This Day in History

Posted: Thursday, October 27, 2005

In Alaska

• In 1778, the expedition of Captain James Cook left Unalaska for the Hawaiian Islands, where Cook was killed.

• In 1936, the pipeline and bridges at the Sawmill Creek hydroelectric plant in Sitka were washed out.

• In 1982, the Aurora I Telecommunications satellite was launched.

In the nation

• In 1787, the first of the Federalist Papers, a series of essays calling for ratification of the United States Constitution, was published in a New York newspaper.

• In 1904, the first rapid transit subway, the IRT, was inaugurated in New York City.

• In 1922, the first annual celebration of Navy Day took place.

• In 1938, Du Pont announced a name for its new synthetic yarn: "nylon."

• In 1947, "You Bet Your Life," starring Groucho Marx, premiered on ABC Radio. (It later became a television show on NBC.)

• In 1995, a sniper killed one soldier and wounded 18 others at Fort Bragg, N.C. (Paratrooper William J. Kreutzer was later convicted in the shootings, and condemned to death; however, the death sentence was later overturned.)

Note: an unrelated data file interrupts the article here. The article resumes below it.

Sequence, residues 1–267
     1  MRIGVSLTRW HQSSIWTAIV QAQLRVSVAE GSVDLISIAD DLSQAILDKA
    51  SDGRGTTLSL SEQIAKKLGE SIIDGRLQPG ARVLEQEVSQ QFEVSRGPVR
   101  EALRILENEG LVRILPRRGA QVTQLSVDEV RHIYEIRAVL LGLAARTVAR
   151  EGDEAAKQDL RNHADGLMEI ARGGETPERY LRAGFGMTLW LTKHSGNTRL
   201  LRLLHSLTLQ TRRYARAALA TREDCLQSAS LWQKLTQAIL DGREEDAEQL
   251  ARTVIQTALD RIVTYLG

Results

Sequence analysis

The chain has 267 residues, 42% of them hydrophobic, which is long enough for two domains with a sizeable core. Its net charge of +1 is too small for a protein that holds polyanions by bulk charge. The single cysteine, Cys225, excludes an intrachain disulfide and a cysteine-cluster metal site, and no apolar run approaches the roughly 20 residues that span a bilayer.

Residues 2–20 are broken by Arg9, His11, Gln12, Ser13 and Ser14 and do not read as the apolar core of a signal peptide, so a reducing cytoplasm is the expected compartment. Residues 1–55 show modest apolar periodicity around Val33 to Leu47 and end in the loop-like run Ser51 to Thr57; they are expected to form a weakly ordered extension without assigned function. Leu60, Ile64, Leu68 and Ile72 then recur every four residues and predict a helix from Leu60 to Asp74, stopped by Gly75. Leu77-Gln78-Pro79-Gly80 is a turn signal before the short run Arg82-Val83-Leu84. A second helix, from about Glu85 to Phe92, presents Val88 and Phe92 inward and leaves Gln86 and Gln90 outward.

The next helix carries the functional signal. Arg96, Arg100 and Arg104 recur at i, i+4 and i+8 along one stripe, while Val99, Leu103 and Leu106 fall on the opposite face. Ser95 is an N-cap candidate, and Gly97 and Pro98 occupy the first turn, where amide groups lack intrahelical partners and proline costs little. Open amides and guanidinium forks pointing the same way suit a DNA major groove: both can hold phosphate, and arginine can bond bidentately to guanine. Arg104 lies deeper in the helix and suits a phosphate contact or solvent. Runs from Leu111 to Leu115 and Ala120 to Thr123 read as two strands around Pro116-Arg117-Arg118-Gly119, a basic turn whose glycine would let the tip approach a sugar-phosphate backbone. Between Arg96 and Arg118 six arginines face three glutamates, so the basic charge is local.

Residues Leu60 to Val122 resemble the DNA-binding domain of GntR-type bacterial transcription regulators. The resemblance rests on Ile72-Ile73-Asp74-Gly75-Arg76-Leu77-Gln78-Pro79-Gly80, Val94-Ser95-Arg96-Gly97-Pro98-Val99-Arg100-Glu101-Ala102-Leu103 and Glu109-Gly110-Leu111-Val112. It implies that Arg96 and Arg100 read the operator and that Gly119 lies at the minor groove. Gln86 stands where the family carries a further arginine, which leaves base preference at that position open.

In the world

• In 1505, the Grand Duke of Moscow, Ivan III (also known as "Ivan the Great"), died; he was succeeded by his son, Vasily III. (Vasily's son, Ivan IV, later became the first czar of Russia, "Ivan the Terrible.")

• In 1967, Expo '67 closed in Montreal, Canada.

• In 1978, Egyptian President Anwar Sadat and Israeli Prime Minister Menachem Begin were named winners of the Nobel Peace Prize for their progress toward achieving a Middle East accord.

• In 1995, thousands rallied in Montreal for national unity three days before a referendum on whether Quebec should secede.

• In 2000, Canadian authorities arrested two men they say masterminded the 1985 bombing of an Air India jumbo jet near Ireland that claimed the lives of all 329 people aboard. (The men were acquitted at trial in March 2005.)

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